Kossuth County Advance from Algona, Iowa on August 6, 1931 · Page 9
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Kossuth County Advance from Algona, Iowa · Page 9

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Algona, Iowa
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Thursday, August 6, 1931
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Page 9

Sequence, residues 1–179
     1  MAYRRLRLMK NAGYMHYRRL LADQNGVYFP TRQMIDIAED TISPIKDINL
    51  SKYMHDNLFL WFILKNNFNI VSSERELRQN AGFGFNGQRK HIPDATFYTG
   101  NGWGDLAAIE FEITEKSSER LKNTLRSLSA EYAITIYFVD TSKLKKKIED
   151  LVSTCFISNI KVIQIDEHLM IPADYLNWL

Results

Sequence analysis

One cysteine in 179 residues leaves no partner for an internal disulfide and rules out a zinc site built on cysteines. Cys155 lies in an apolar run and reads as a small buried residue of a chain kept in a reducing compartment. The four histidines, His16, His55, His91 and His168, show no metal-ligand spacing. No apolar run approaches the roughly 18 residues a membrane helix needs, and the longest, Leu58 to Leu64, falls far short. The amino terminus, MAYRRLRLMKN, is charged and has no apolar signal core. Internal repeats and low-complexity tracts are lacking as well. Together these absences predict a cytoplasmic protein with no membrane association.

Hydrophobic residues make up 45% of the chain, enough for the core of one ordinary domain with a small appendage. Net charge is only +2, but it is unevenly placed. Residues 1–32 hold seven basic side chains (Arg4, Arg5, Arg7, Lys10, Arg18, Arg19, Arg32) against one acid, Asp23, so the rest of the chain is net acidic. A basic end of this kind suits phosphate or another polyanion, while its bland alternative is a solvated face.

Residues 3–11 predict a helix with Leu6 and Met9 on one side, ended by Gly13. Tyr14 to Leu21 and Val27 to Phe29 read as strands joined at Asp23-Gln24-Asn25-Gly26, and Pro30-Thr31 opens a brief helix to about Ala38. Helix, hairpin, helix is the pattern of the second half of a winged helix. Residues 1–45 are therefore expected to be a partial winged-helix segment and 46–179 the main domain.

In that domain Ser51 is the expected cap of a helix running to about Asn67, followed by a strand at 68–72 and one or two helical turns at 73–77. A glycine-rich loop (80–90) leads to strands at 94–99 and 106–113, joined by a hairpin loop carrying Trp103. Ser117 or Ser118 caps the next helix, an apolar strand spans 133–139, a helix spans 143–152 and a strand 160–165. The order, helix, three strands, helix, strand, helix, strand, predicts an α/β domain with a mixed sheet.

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' KOSSUTH COUNTY ADVANCE. ALGONA. IOWA PAGE NINE W. Iowa. j.1, BOlfAB Attorney-at-tavr State Bank Blag. lO-Wi Algona, Iowa S.B.:McMahor E. Llnnan * DICKIW805 Hngton UVJ. ploklMOi Attorneys-at-lAW |: Office, 287; >T.vP v H..<4« r ; S B88 0. W. 8TIMJIA* >i lawyers ' , over Iowa State Bank. |.W. Algona, Iowa E, D. Krtb FENTON WINNER IN CLOSE TILT WITH TITONKA Fenton, Aug. 4 —The Fenton ball team played Tltonka at Titonka Sunday and won, '34. Tltonka gathered six scattered hits from Ponton's midget moundsnmn, Mcnrlck- son, and tallied a lone run In tho third, when Hugen walked, stole second, and scored on a hit by J. Btelch. Fenton scored twice In tho third, when Krause got a single and scored on G. Boettcher's double. Boettcher came in when Drcyer singled, and F. Kucker scored in the fifth, when he singled and took second on "fielder's choice and Krauso singled. Fenton plays Ottosen next Sunday. Alfrona Women Kntcrtalnoil Here— Mrs. Kenneth Stephenson entertained at a quilting bee Friday. Attending were Mesdames V. E. Stephenson, H. A. Wright, N. J, Mitchell; L. J. De Graw, Cecil Mc- Glnnls, and Julius Peterson, and Mildred De Graw and Ardls Peter- eon, all of Algona; also Mesdames J. T.' Waitc, W. R. Wolfe, and Mrs. IOWA'S PRIZE PIG Attorneys-at-lAW , i in Qulnby Block. Algona, low* LA. WINKBL , in Qulnby Building. Phone 180. DOCTORS SEFICK * KENEFICK jsldans and Surgeons. jover Rexall Drug Store. Office phone 300. [ene'dck, M. D., re«. phone 57 nellck, M. D., res. phone 3S6 , H. CBETZMETKB slcian and Surgeon , In John Galbralth Block. Office 310, res. 444, Algont p. V. JASSE, M. D. hyslclun and Surgeon. on South Dodge s Street Office, 666; residence, 86» Algona, Iowa. UTER FBA8EB, M. D. hysiclan and Surgeon [in Qulnby Bldg., Room !• Phone-No. 12.' W. D. ANDREWS hie Physician and Surgeo* j Ear, Nose, and Throat— X-ray. Hub Recreation Parloi Office, 187; residence, 68* IIBOFBACTOBS [ DB. B, J. THI88EN Graduate Chiropractor year's successful practlo* (Ice over State's Cafe. VETERINARY I. W. FOX Veterinarian «t State Street, Algona. Office 475-W., rea, 476-B DING CONTRACTOR" COAVAN * SON [General Contractors.' . *. I Estimates Furnished. Business, 688-J; rea.? It MACHINISTS O. J. Stephenson, Fenton. Mission Festival Is Celebrated— St. John's Lutheran church here celebrated Its annual mission festival Sunday. The Rev. Mr. Von Gemmlngen, Charter Oak, had charge of the morning services, and the Rev. H. D. Stamer, of Falrville, preached in tho afternoon. Party Honors Youth's Birthday— • The Loyal Sons and the Royal Guards, young men's and young women's classes of the local Methodist Sunday school, were entertained at John Bellinger's Sunday evening in honor of. Kenneth Bellinger's 23rd birthday. Will Sell Farm Implements— William Flaig and Arthur Sprank, Lone Rock, have leased the cement block building south of the Stoeber hardware store from P. H. Jensen, and will conduct a farm implement business there. Walter Kraiise Faintly Enlarged— Mr. and Mrs. Walter Krause, southeast of town, are parents of a son, born Sunday night. They now have four girls and two boys. Des Moines, Special—Dean Hyzer of Mills County, who won-'the state championship in the fat barrow contest at last year's Iowa State Fair, IB feeding three different breeds of pigs this summer in the hope of retaining' the championship crown in the boys and girls' 4-H Club Congress at the state exposition here Aug. 26 to Sept. 4. Above is a picture of Dean with his last year's prize pig. Over 1,500 head of prize pigs, calves, sheep, and colts will be exhibited by Iowa farm youngsters in the eight days of competition at this year's Iowa State Fair. Kurt Club Entertained Here— Mrs. John Gerhards entertained the Burt Fortnightly club at the H. E, Relmers home last Thursday. Other Fenton News Mrs. Le Roy Newel, sons Warren and Franklin, and Mrs. Newel's brother-in-law, B. D. Weisbrod, of Hartley, spent Sunday with the E. A; Welsbrods. B. D. went back that evening, the others remaining for the week with relatives here. Mrs. 0. H. Smith's Father Sick— Elsie Bleckwenn, employed by the Elk Cleaners, Algona, spent a vacation last week with her mother, •Mrs. Theadora Bleckwenn. Lena Bleckwenn, taking nurses' training at Rochester, came Monday for two weeks at home. Mr. and Mrs. W. E. Stoeber, daughter Gladys, Hazel Weisbrod, EX-IRVINGTON RESIDENTS AT FORMER HOME Irvington, Aug. 4 — Mrs. Charles Relnecke, daughter Dora, and Vern Dole, Minn., accompanied by Mrs. Nels Jensen, Algona, and a son were callers at several homes here last week Tuesday afternoon. The Reineckes formerly owned and HV ed on the farm where the Henry Scheppmans now live. The eldest daughter, Martha, Is married and now has two little daughters. Martha and her husband are both practical nurses at a county farm near Los Angeles, Calif. Dora Is a senior in high school. Mrs. Relnecke reported that tho Ole Altkens, also former Irvingtonians, were at Brainerd, where Mr. Aitken is employed in a paper mill. Mrs. Reinecke Is unable to work because of rheumatism. Wilbur J. Payne, Editor In Northeastern Iowa. During the past, week the writer journeyed over Into the Mississippi river country for a brief visit among old friends and »elatives. The trip also was partly business, as we visited half dozen of the Register & Tribune men over that way. We are among those fortunate .souls rich' in relatives scattered at many towns, and so while the rest of the family visited relatives, we maiic business; visits with the county register representatives, and incidentally worn informed of crop con- age clammer' could earn about $9 a' week. A fisherman with plenty of equipment, power boats, houseboats equipped with ice boxes, and cleaning equipment, etc., could earn only a little more. A sand and gravel company was employing all surplus labor and the sand was being used on nearby paving operations. En- route into Harpers we came to tho rim of the river valley and turned off the car Ignition to coast down a two or three mile winding hill road to Grandpa's house at the foot of tho hill. At Waukon our old honeymoon house that we built the year we were married looks as brave as ever, but the nelghborhod has not Improved much. A new high school has been built near-by, and other improvements doubtless have increased the comparative value of the premises. Much road work Is being done all around Allamakee county. From McGregor we came home by way of Klkader, Strawberry Point, Oelweln, Waverly, Nashua, and Charles City. At Nashua's Little Brown Church a wedding party was leaving and another wedding was already in progress as we arrived at 5:30. A total of 150 people had registered in the book that day. At Waverly and Nashua, where power dams have backed the water into a lake, there are wnter surroundings that add to the town's liveablllty. We wished Algona could put in a dam, get a surface of water, and have boating and other advantages along our river. At Oelweln the tombstone over mother's grave, now 30 years old, has worn so that some of the engraving can scarcely be seen. The stone was 'beautiful when set, but must have been soft to wear so quickly. We also looked up the small poorly-constructed house where we lived when first we went to Oelwein at the beginning of the railroad shop boom. We had to rent FAMOUS CLOWN greatly since they bought It, and I side, and Mrs. Jenkihson was abl» now have a fine modern form home, to use only tho left hand, and to spend the time sho learned four" bast winter when we called Mr. onklnson showed us some of the Tiprovlng and decorating done up- talrs In bathroom and bedrooms lartlcularly. Mrs. Jenkinson said hot December 15, soon after the jpstairs bedroom was t decorated, he suffered a stroke of paralysis ,nd moved Into the newly decorated •oom, where she stayed for the balance of the winter, coming down or the first time Easter Sunday. The paralysis affected the right | Des Molnea, Special—The famous '^circus clown, Billy Lorette, will [visit Iowa this summer as one ol i the Masters of Ceremonies in the 'big hippodrome show headlining .the amphitheatre attractions at th( coming Iowa State Fair, August 26 to September 4, Lorette's favorite role is that of a village policeman. In this guise he has min gled with amusement seeking crowds in the four corners of the globe, and has made himself one o 'the most laughable personalities 'before the public of the presen jgeneration. Pair officials state that the hippodrome events at this year's exposition will be the mos elaborate witnessed in many years game of solitaire, which she played so often that she has not cared to touch a card since she was able to be up and around. We hope she will soon be.fully recovered and her usual self. A son Louis lives with Mr. and Mrs. Jenkinson, a.nd works the small farm. Tho larger farm In Union township Is worked by another son, Glen Jenkinson. This farm, tho old homo place, Is famous for early day Shorthorn breeding stock and big apple trees. ditions In counties. In Floyd and Mr. and Mrs. Oliver Stoeber, of Armstrong, left Monday morning for Minneapolis, where Mr. Stoeber and Oliver were to attend a hardware convention. Leona and Eupljemla Kressln and Mr. and Mrs. Standlsh, Fargo, N. D., arrived Saturday to visit till Monday at the F. W. Jentz and Walter Krause homes. The Kressin girls are sisters of Mesdames Jentz and Krause. The Herbert Weavers, Ellsworth, visited Mr. and Mrs. William Lakin at John Espe's Sunday. They were en route to visit relatives at Haifa. The Weavers and Lakins are former |TON MACHINE WOBKB ilnists and -Wetter*. I stock on Piston Ring*, Pin. and Bearings. .: I Courthouse. . Phon* 111 PBODUCE 4-H Girls Talk Over Diets— The Irvington 4-H Girls' club met recently with Georganne Gelgel, and 24 members and the H. D. A., Miss Body, were present. Roll call was answered by telling Who I Think is the Greatest American, and Why. Lucile Black gave a talk 'on correct necklines, and Effle Egel one on correct diet for a club girl. Plans for Achievement day this week Wednesday were laid. Ruby Koepke and Ruth Black were chosen as the demonstration team, Elsie Egel and Lucile Black as judging team, and Iris Ashing as style show girl. The meeting was followed by a social hour, and refreshments. Rutiedges Entertain Relatives— Thomas Dole and Kitty Whitney, Grinnell, brother and sister of Mrs. William Rutledge, and another Mr. and Mrs. Thomas Dole, also Grinnell, visited the Rutiedges Saturday and Sunday. Mrs. Rutledge's broth- each of the ' various and Mitchell counties some of the oats were so short- sstalked they could not be cut with •a, binder, and were left in the field. Corn there In some of the sandy locations had tasseled out a stunted stalk 1.8 inches ,to two fee£ high. Pasture was dead and cattle bunched up not eating. These counties are in desperate need of rain. , There are fine crops around West Union, Claremont, and up that way, Allamakee county county showed signs of being steadily more and more dry as we drove towards the river, but bottom land along the Mississippi was showing excellent crops and 40 bushels of oats to the acre was a regular thing. From Charles City to Algona crop conditions bettered steadily. We did not see better average crops anywhere than In Kossuth, if the IBWIFT & COMPANY Cash Buyers, ultry, Eggs, and Hide* § Matt Lamuth, Mgr. Phone 264/ INSIJBANCE neighbors. Alma Wolfgram spent last week er and sister remained and Mrs. Dole visited while Mr. friends at COUNT* .MUTUAL CE ASSOCIATION [16,000,000 worth pi insurant A home company. Bat* _J. O. Poison, Secretary INSUBAKOI AGENCY':: V'' ••''•'.••"•' 'Barre Al Falkeihate* [Reliable Ina, Service Phone 55. Loans. Farm Ix«n» Real Estate. * IACT I stat e St. . ^.ijjbiia, low* with her parents, Mr. and Mrs. Albert Wolfgram, returning Monday to Fairmont, where she-has clerked in a Silverberg store for the last several years. The Methodist W. F. M. S. will meet at the church this week Thursday; Mrs. T. N. McFall and Mrs. O. J, Stephenson, hostesses. A program will be given by the Standard Bearers. Mr. and Mrs. Arthur Schoenwetter, daughter Ethel, Mrs. William Ax, and the latter's daughter, a Mrs/Christian, all of Garner, spent Sunday at Elmer Weisbrod's. Mrs. E. C. Weisbrod entertained Mrs. Ray Welp, Mrs. J. H, Sheridan, and Mrs. R. N. Bruer, all of Bancroft, and Mrs. H. E. Relmer at bridge last week; Tuesday. . Mrs. Jay Woods returned to home at Gowrle last week Wednesday after ten days with.her parents, Mr. and Mrs. Philip Weisbrodt - \ Mr. and Mrs. Fred Market^ were Blue Earth. All planned to return to Grinnell via Mason City, where they were to visit other relatives. Mrs. Rutledge's eldest sister also lives at Grinnell but was unable to make 'the trip. Mr. and Mrs. C. M. Cox, of David, were also callers at the Rutledge home Saturday. Corn Aided by Heavy Rain- entire county is considered. We noted threshing from shock is now the rule clear through to the river. Formerly the northeastern counties threshed from stack. We saw only one stacked setting of grain on the trip, and learned of one point near Waukon where grain was not even shocked, but threshed from ground where the bundle carrier left it. Possibly this was because of the dry weather. We saw the new swimming pool at New Hampton. It is a fine pool, but we did not like the location as well as Algona's pool. A large num- b'er of soldiers with their wagons and encounterments were camped near the pool. At Lansing we parked near the new bridge, and walked over it across the Mississippi river. We then drove up Mount Hosmer, a high bluff overlooking the river. We had climbed this many times in the foundation to get anything to live in, and then take whatever house the speculating contractor chose to build on it. , The town rose from a village of a few hundred to a city of 5,000 within a short space of time after the Great Western railway started to build division shops 'there. The old school we attended burned, and a new one has been built. The old college building, which later became the high school we attended, has been torn down, and we could not even find the location of it. A fine new high school has been built nearer our old home. Well we are back on the job and will try and have a more interesting column next week. We certainly enjoyed the trip east and hope we may be able jto go again some day. FARM NEWS AND COMMENT. At Harpers Ferry Will Kean, who formerly farmed at Thompson's corners near there, inquired after his cousins, the Louis Johnson family of Irvington. When we saw W. H. Bosworth in mid July he was sweating and working like a Trojan in the grain field, but he said he would take a herd of 'IS Quarton & Bosworth Guernseys on the show circuit this season, starting August ID. This is two more head than the successful herd that Mr. Bosworth showed last year. The first stop is to be at Sac City. Hugh Patridge, Irvington township well driller, obtained 40 feet of water in a well he- drilled for Mr. and Mrs. W. L. Mitchell on their farm near Galbralth. When we saw Mrs. Patridge in mid-July she said Mr. iPatridge was drilling another well on another farm, owned by the Mitchells near Ventura. The Galbraith farm is operated by Charles Hints, if we remember correctly. Mr. Mitchell is Hancock county representative for the Register & Tribune. Hugh Raney, southeast of .town, was getting ready to paint most of the form buildings when we called two or three weeks ago. The house was to get another coat, and the chicken house, granery, machine age, and probably from 2o pounds to 100 pounds in weight. Mr. and Mrs. Rich Kaschmitter, with their three girls, nave been occupying the Hargreaves tenant house west of town, and Mr. Kaschmitter has been working for Mr. Hargreaves. Richard Is a brother of the Whlttemore elevator man, and had been working at telephone construction In Minnesota. This work was Inactive this season, and he came to Iowa to take the place vacated by Donald Palmer. When we called July 18 Mr. Kaschmitter had stepped on a nail, but continued to work, and did not expect to be laid up. He was hauling groin from the elevator, and favored the foot temporarily. Mr. and Mrs. W. F. : Jenkinson, on the old Frye place southwest of Algona, have Improved their home MODEL NO. 4 Instant Lighting The NEW r.oleman Irons New Idea Spreaders On hand at all times. Lowest Priced and Best Spreaders on the Market. Horse Drawn and Tractor Plows. Used Spreaders at a Bargain Harry Keith Farm Implements. Block south of Kossuth County State Bank. Make and Burn Their Own Gas Y 'OU can "Smooth the Way on Ironing Day" with the new Coleman Self-Heating Irons Do your work, faster ... cut ironing time one-third! Use your Coleman anywhere ... in the coolest room, or out on the porch. They are pointed at both ends. Forward and backward strokes give the same wrinkle-proof results. The point is always hot. And now an added convenience I Model No. 4 has a new "Button Bevel" all around the sole-plate, which makes it easy to iron around buttons, under pleats and along seams. You'll like the bright colors of these irons, too. Model No. 4 has a blue porcelain enamel body with handle to match. No. 5 is finished in Spring'Green. Model No. 4 lights instantly... just strike a match and turn a valve. Model No. 5 is Torch Lighting ... an easy and sure method of generation. We'll gladly show you how easily these new Coleman Irons operate. Nelson Hardware Algona Phone 274 Cornfields that were beginning to | pftgt yeal . S| now there is a road up her Adel, JOE GBEENBEBQ and «aed Auto J»arU res and Accessories. jHldea, Fur and Wool, low*. 'over-Sunday visitors at Dennis Smith's. The Markers and Smiths are former neighbors. the [ WANO TCJfpro .•• V* Co ">»mf Tunw l«0 Years Experience. Band Insta. •Pun.e*. • Service Quaranteed, s Foster Furniture ^tore Phone 642, A^roa. to her was Fairmont, John Espe returned Saturday from Lu Verne, where he was temporary section foreman. He has resumed work on the section here. Mrs O. H. Smith was called Burt Saturday by news that aged father. Squaire Hudson, sick with heart trouble. Mrs. Mark Simmons, and her baby son spent Sunday with the former's parents, Mr. and Mrs. Albert Wolfgram. The O. H. Grahams went to Burt Saturday evening to visit tm Sun, day night at the parental William Pe TheSy UHagerstroms and &ttsz.v&& last week. show effects of the long dry spell were relieved when a heavy rain fell here.Saturday evening. The rain was accompanied by a severe electrical storm and strong winds. Many cornfields were flattened, and other damage was done. Several large trees were blown down at the J, M, Cox home, one of which crashed through the roof of the chicken house. Wagons and other farm machinery were moved from their places. Hail was reported, but none fell here. Reunion Held at Venion Burlier 1 *— A reunion was held at the Vernon Barker home Sunday, and present were Mrs. 'Barker's parents, Mr. and Mrs. John Sever, Kenney, 111., her sister, Mrs. Kenneth England, De, catur, 111., and the latter's husband; Mrs. Maggie Schoby, Algona; Mr, and Mrs. Fred Schoby, near Lu Verne; Mr. and Mrs. Glen Jenkinson, |«E06RHPHING The Dr A. W. Whitlows, of Swea Cto and' The Frank Baileys were nnW uests at Dr. J. T. ana Mrs. O. M. Miller and A. C. Ries. Ringsted, spent Fri- at C. -* tives at Camln.0, Calif- . A^ «OUP o? local young people bad » wifner ro^t «» »• river north ° £ „„.., north of Algona; the Robert Schobys, Mr. and Mrs. J. M. Cox, and the Earl Millers. Mr. and Mrs. Sever and the Englands plan to start back to Illinois this week Thursday. Bert Sankey Boy Is III— The youngest son of Mr. and Mrs, Bert Sankey was taken ill this week Monday morning, and the attending physician reported pneumonia. The boy suffered a severe attack of pneumonia a few years ago. ' Other Iryington News, D. T. Smith, Algona, was at ¥• L. Roney's Sunday. Mrs. J. B. ROD- ison, who makes her home at M. L-«, and Mr. Smith are brother and s}s- ?er, and are the only living children out of a large family. Mr. Smith, known here a* Uncle Dunt. made his home at Irvington some years ago with another sister. Marion Smith, now dead, and Bessie Rlst, who on Miss smith's death went to live with her brother, Dr. A. L. Rist, Algona. Word has come from Mr. and Mr&. Jesse Bedell. Minneapolis, reporting the birth pf a granddavghter the side. The road is so steep that we, for many years used to the flat country around Algona, became scared and put on so much power that we raced up the very steep road, thereby getting the radiator boiling in fine style. There is a halfway place where the road makes a hairpin turn, where we stopped and enjoyed the view for 20 miles up and down the river, and let the i motor cool. On top we had lunch, and coming down the side of the mountain with the car in low gear there was still some use for brakes. Later at Marquette we also saw the work that has been done toward completion o$ a, new bridge across the river at that point. Piers have been built, and a lot of -the steel erected. At McGregor the residence we owned on main street before coming to Algona has been torn down and a large fine "modern home is being built. Adjoining it a new oil station Ished, and other small buildings were to be Painted. The Raney family have a fine hospitable home in Irvington township. Mr. Raney said crops and livestock looked, good and he was not worrying too much about present prices. He saved 100 pigs from 15 spring litters, ranging from two weeks to three months in Farmers* Directory going up »= to w *"O M i _ • vi™ we lived in as a. youtty has a big super-service station, with cabins, barbecue, etc. In the same block a new high school has been built. This was the only location available for a building of the type desired, for there are few level spots large enough in that city of deep valleys and high hills. The old high school that we attended had been built perched on the side of a hill. This site had a more central location. The new school, Which Is across the street from Buel park, must toe two miles from the homes of some who will have to attend It, • At Harpers Ferry the river Is so low that the Islands in mid-bottom are now high above the water. Fishing and plarolng were only fairly active. We were told that- an aver- GAMBLE STORES -AMBLE STORES Tire Prices DoiDn Again AGAIN LOWER PRIGCS V/h? Passed On 7o IJou Immediate^ .^ 29x4.40-21 In Pairs corner. The home CHICKS, DAY, WEEK. 2 WEEKS • old . Also yearling hens.—Hamilton Leghorn Farm. & Hatchery, Bancroft, Iowa. \3&5s&£ffs*~ to at, Calmar and De- to Doctor and Mrs. Benjamin, stone, Minn. Mrs. Benjamin is the only child of Mr. and Mrs. Pf1«"- Mr. and Mrs. V, J. ScMehtl, their son Percy, Mrs. CUffor* Schroder, of Mllwawk.ee, and the latter's the' \chlcbtl9. were gue^B at Jos- WWW, Sunday Mrs. POOR SLEEP DUE TO GAS IN UPPER BOWEL Poor sleep Js caused py gas p$ess- Ing heart and other organs.. You can't get rid of this by just- 4octor- Ing the stomaeb because pjost of the gas is in th,e UPPER bowel. The slropte <3*r?»a» remedy, Ad- lertte, reaches BOTH vpjper and lower l?owpl Waning out gas. BLACKSM1THING We are completely equipped and Lou Markla, our blacksmith, is an expert who gives the best of service. PLOW-WORK Time to prepare for Fall plowing. We sharpen plow share.8, or W you need new ones we get them for yoy. WOODWORK We are always prepared to d9 any kin,d of wood work in a hu,r?y, Repairs for machinery is our specialty. 'etch 28x4.75,19 In Pairs Another saving on tires, through our new low prices, makes it cheaper to buy new iires^an vulcanize c!d onsc. It's genuine economy to buy tires in sets now, whih the/ are so low in price. C&J Endurance Tires are of first quality rubbei— first quality cords and first quality materials thruout. They are guaranteed for the life of the tire, against defects in material and workmanship. Also a definite mileage guaranty accompanies every G&J Endurance Tire. oayrw?* "•'^xTi'I.?!? LedxarA. JftW- *&%$ •WPWWwLS*?™ GU Endurance iillooni Per Each 89x4.40—21.... ....... .. .,...,14,11 30x4.50—21,, .......... <«••?'« M* $8x4,75-19 ................... f.» £9x4,75 — 20....,.,,.,,,. ..... , ff?C 89*5.00-19 ..... . ...... ,.,»«•* jfi»t 30*5.00— 2Q,., .,,.,. M .••"••, f.19 31x5.00— 21-, ,.»,,»»-M,»M»f» Mi P*ir f f.4* 1Mt Set of, , row |1M* ,. *!•* ?9x5.00-19 In Pair* 30x3, • E.S. Ml 32*4 $.S. •*«,• l ~£j&&i -n t. - i&uUt H faa#a*a $*** *MJ&*»* -i**™ 1 ^ ppc a v s.